Shannon Arnold participated in the last session of our Nonprofit Marketing Guide Mentoring Program. One of her challenges was figuring out a good approach to media relations. Today Shannon shares what worked for her — a far superior approach to the old-style press release approached I cried about yesterday. ~Kivi
We all have that thing in nonprofit marketing that just makes us feel like we don’t know what we’re doing: a task or a channel that seems to go nowhere, and we just don’t know why.
For me, that thing is press, and I suspect it is for many of you as well.
It’s tough for nonprofits to get press coverage. Most of us aren’t part of breaking news and, especially in places like Boston, there are so many agencies working on similar issues that it is difficult to be heard above all the noise. I’ve spent years sending out press releases and sitting back to wait for the deafening silence that followed.
When I started my current job at FamilyAid Boston, I thought things would be different than in my last job, where I was working on an issue that, frankly, rarely really made the news in any way. Here, I was working on family homelessness – something lots of people care about and a topic that, although it’s not on the front page, makes the news frequently.
But I found my press releases here generated a response that ranged from tepid to cold. One other, much larger, homeless services agency was getting quoted almost daily in the local press, and the rest of us were fighting over the scraps.
I turned to Kivi for some advice. She asked me to look at my strategy of sending releases only when my agency has news and staying silent the rest of the time. She suggested changing my approach to press entirely. Don’t start the conversation with a press release that’s essentially saying “Hey, busy reporter, please give us coverage!” Instead, offer my agency, myself, and my colleagues as a resource for reporters when they need a quote about family homelessness. Follow up every month or so just to check in and offer story tips as they come. Basically, make myself known to the reporters as someone who can help them out.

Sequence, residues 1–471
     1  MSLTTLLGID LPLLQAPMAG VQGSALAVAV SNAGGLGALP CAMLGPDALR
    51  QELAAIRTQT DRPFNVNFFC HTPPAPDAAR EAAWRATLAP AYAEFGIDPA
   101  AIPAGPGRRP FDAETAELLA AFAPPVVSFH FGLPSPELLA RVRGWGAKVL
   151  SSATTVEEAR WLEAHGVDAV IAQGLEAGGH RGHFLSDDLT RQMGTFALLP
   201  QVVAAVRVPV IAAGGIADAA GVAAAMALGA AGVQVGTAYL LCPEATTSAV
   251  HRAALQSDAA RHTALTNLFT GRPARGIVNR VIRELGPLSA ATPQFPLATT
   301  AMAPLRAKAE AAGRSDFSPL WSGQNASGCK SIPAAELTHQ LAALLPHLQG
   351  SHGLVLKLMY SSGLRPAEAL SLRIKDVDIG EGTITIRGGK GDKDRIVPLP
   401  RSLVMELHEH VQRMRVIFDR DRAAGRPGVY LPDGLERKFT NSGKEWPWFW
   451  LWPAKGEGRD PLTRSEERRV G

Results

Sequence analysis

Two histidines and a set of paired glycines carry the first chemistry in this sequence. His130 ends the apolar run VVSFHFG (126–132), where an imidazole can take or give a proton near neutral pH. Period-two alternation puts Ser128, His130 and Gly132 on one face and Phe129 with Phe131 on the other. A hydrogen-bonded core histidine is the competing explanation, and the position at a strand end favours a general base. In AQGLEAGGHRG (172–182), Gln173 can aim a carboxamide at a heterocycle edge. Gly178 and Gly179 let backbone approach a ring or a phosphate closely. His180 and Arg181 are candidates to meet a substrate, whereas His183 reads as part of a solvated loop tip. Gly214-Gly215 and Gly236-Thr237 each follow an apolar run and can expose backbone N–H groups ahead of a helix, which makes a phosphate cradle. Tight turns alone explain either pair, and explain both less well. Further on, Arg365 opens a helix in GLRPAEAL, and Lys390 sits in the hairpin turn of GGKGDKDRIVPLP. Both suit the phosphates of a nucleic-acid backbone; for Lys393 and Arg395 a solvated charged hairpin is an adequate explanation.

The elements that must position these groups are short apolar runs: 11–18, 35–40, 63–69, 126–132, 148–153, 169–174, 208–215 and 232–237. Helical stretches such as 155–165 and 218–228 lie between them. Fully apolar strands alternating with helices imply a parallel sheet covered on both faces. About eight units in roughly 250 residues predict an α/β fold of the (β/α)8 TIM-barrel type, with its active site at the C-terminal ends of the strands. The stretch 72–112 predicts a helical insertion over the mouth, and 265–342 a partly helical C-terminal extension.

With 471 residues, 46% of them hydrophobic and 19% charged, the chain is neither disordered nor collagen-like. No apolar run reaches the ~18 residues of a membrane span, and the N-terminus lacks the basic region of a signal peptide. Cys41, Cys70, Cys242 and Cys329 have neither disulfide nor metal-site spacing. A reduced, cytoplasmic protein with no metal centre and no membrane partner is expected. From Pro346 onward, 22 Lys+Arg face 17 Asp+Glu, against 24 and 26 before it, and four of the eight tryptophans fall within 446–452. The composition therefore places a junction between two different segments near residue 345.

Last week, I sent an email to this effect to several reporters and had an immediate response from a Boston Globe reporter asking to meet with me to learn more. Nothing’s in print yet, but the response tells me I must be on a better track!
The email I sent is below. Feel free to customize it for your own outreach!
Dear [insert Reporter’s name]
I really enjoy your writing, and I wanted to introduce myself as a potential resource for you in the future.
I work for FamilyAid Boston, formerly Travelers Aid Family Services. We are located right by South Station and are the only agency providing 24/7 emergency shelter to homeless families in Boston who have no other shelter options. We also help families avoid homelessness, find permanent housing, get jobs, and access social services.
FamilyAid Boston has been around for nearly 100 years, and our staff have a wealth of experience and knowledge about homelessness and poverty in Boston. They have incredible (and often heartbreaking or inspiring) stories about the people they have worked with.
As you may know, the population of homeless families in Boston is growing at the same time as restrictions on shelters are tightening. It’s a huge and hidden problem, as many of these families are sleeping in cars or on friends’ floors rather than on the street where they would be visible.
If you ever need to speak to one of our clients or social workers for a story, I am here and would be happy to set it up as quickly as you need.
Please let me know if you need any additional information. In the meantime, feel free to check out our website at www.familyaidboston.org.
Shannon Cain Arnold is the Marketing and Communications Specialist for FamilyAid Boston (www.familyaidboston.org), a nearly 100 year-old nonprofit providing homeless families in Boston with prevention assistance, shelter, housing, and support services. Shannon has been working in nonprofits for 8 years, and in marketing and communications for 3 years. She’s still trying to figure out what she’s doing, and is making a lot of progress thanks to Kivi’s mentoring program!